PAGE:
Implement panel’s anti-pollution measures, SC tells Centre, Delhi Govt.

Bench approves measure taken by the Centre's Air Quality Commission to create an ‘Enforcement Task Force’ and flying squads to prevent and penalise polluters in Delhi NCR.

Updated - December 03, 2021 07:16 pm IST

Published - December 03, 2021 12:51 pm IST - NEW DELHI:

Traffic moves on a smoggy weather as the air quality remains in severe category on the Ring Road in New Delhi on December 3, 2021.

Traffic moves on a smoggy weather as the air quality remains in severe category on the Ring Road in New Delhi on December 3, 2021.

The Supreme Court on Friday approved the measure taken by the Centre's Air Quality Commission to create an ‘Enforcement Task Force’ and flying squads to prevent and penalise polluters in Delhi NCR.

Appearing before a Bench led by Chief Justice of India N.V. Ramana, Solicitor General Tushar Mehta, for the Centre, said the task force was formed on December 2.

Mr. Mehta, reading out from an affidavit filed by the commission in court, informed the court that 17 flying squads were formed on Thursday and would be increased to 40 in the next 24 hours.

The flying squads have already conducted 25 surprise checks since December 2.

Also read: Air pollution: Delhi schools closed till further orders; board exams, online classes to continue

These squads would directly report to the task force.

“The task force has two independent members. It will meet at 6 p.m. everyday. The task force will take action on behalf of the commission against violators,” the Solicitor General submitted.

Justice D.Y. Chandrachud, on the Bench, asked whether the flying squads would be confined to Delhi or the National Capital Region (NCR) too.

“The NCR... It is therefore that their number would be increased to 40 squads. This is to cover the entire NCR,” Mr. Mehta clarified.

Also read: Flying squads created to curb pollution in Delhi, Centre’s panel informs SC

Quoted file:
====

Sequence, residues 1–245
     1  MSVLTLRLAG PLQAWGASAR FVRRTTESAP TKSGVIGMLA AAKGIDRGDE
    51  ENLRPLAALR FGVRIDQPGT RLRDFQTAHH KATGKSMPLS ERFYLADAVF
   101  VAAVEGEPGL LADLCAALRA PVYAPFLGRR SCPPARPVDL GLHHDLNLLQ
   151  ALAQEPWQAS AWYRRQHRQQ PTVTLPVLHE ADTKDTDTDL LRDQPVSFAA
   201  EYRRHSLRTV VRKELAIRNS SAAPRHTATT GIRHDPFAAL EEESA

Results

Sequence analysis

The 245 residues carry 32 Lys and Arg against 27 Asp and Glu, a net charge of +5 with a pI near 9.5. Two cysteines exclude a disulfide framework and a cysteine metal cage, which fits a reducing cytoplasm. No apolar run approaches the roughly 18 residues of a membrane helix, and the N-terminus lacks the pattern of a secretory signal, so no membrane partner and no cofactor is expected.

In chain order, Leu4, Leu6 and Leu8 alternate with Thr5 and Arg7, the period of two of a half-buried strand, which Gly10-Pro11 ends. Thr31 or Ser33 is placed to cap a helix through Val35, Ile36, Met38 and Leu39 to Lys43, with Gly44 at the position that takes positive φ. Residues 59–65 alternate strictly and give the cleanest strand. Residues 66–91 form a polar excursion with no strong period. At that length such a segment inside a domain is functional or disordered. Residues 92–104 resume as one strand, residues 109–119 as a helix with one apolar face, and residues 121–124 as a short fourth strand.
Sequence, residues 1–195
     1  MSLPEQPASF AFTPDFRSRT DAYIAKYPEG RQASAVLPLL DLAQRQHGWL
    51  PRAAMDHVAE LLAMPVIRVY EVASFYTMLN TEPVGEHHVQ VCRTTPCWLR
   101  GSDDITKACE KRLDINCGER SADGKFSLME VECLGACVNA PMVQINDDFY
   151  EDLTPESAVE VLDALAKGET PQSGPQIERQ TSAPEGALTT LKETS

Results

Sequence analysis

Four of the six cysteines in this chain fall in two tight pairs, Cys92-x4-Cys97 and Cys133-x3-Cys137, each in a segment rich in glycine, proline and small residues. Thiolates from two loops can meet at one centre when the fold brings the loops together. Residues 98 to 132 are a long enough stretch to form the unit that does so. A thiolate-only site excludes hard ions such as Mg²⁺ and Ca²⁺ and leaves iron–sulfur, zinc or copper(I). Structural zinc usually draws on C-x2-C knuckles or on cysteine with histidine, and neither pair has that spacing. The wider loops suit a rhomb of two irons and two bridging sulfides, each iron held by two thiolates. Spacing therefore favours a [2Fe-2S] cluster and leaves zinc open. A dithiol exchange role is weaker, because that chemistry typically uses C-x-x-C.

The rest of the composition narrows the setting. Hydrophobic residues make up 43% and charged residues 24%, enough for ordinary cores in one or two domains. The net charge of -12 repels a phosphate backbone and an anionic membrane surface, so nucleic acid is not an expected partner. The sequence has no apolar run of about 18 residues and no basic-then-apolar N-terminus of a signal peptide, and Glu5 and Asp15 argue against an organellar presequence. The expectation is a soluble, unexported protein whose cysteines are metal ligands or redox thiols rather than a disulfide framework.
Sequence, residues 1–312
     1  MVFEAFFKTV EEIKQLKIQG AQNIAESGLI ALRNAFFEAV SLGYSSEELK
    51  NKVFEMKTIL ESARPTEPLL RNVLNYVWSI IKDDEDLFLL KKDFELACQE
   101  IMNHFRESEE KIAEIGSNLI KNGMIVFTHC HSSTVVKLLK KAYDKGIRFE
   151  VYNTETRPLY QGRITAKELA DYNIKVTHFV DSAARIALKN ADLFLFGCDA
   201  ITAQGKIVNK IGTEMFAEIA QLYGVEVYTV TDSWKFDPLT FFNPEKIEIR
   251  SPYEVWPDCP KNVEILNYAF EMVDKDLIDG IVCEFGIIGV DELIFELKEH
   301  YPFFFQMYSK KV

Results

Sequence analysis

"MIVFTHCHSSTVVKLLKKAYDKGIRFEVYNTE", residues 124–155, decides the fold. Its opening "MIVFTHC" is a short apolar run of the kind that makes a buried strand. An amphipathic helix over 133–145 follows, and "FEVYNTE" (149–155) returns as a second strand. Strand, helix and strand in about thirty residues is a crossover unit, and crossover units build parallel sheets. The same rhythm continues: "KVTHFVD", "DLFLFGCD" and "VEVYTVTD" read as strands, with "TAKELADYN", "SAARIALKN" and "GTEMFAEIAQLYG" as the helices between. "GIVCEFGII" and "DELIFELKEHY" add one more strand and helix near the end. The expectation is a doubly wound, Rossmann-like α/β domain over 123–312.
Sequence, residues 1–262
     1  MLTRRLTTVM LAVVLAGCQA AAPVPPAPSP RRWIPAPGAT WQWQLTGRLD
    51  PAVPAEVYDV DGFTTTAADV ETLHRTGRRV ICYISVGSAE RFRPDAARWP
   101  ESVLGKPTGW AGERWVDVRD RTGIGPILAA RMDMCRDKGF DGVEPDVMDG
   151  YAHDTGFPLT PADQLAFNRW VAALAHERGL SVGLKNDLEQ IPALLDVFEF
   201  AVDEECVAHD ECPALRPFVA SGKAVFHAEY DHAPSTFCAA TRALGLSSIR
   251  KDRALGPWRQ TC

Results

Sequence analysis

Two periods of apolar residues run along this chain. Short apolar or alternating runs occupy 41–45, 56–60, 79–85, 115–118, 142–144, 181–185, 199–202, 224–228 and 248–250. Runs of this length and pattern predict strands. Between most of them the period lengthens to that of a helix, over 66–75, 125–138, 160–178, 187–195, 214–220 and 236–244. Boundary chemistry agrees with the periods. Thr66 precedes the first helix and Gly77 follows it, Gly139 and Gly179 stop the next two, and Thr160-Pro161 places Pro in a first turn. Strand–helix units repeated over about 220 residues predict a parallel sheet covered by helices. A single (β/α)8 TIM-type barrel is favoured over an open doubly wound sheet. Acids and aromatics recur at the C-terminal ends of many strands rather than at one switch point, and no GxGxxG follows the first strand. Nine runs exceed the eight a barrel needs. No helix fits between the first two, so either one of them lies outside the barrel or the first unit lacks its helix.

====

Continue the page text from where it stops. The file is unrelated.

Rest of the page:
The court directed the Centre and the Delhi Government to implement the anti-pollution measures introduced by the commission.

The affidavit said industrial operations in NCR where gas was not available and not running on PNG or clean fuel would be allowed to operate for eight hours during weekdays and remain closed in weekends.

Senior advocate Vikas Singh, for petitioner, suggested harnessing solar or electrical energy to power the plants.

When Uttar Pradesh objected to the eight-hour work day, saying the sugarcane farmers would be hit at the peak of the ongoing crushing season, the court asked the State to approach the commission.

Mr. Mehta, referring to the commission's affidavit, said thermal plants within 300 km radius of Delhi would continue to be regulated. Only five of 11 plants were functional. The rest would remain closed till December 15.

At this, Justice Chandrachud suggested that the Government should consider shifting these plants to alternative fuel for the long term.

Work on hospitals

The court permitted Delhi to continue its work on the building of seven hospitals devoted to COVID-19 treatment in the Capital, provided they meet the directions of the Air Quality Commission.

“They offer excellent facilities. Several of them have been refurbished and re-done,” senior advocate A.M. Singhvi, for Delhi, submitted.

The Centre also supported Delhi Government's request to continue work on the hospitals subject to compliance with the commission's anti-pollution measures.

Mr. Singhvi informed the court that schools and colleges had been closed. The court had, in a hearing on December 2, expressed alarm at the sight of children going to school even as pollution remained high.

The Delhi Government said schools had stayed closed for 17 months. There were complaints of learning loss, Mr. Singhvi submitted.

At this point, the Bench referred to media reports wrongly portraying the court in bad light about the December 2 hearing.

Mr. Singhvi said certain sections of the media had portrayed it as if the court was trying to take over Government administration. In contrast, the atmosphere of the hearings was “convivial” with a concerted focus on getting rid of pollution.

Chief Justice Ramana said the Government had taken the decision to close the schools and subsequently open it too.

Mr. Mehta, light-heartedly, referred to Mark Twain saying “if you do not read the newspapers, you are un-informed. If you read the newspapers, you become ill-informed”.

Posted to Dec. 10

The court posted the case to December 10.

“We will keep this matter pending,” Chief Justice Ramana said.

The court, in a hearing on Thursday, had questioned the very purpose of having the Air Quality Commission with the pollution levels continuing to go up. It had given the Centre a 24-hour deadline to act.

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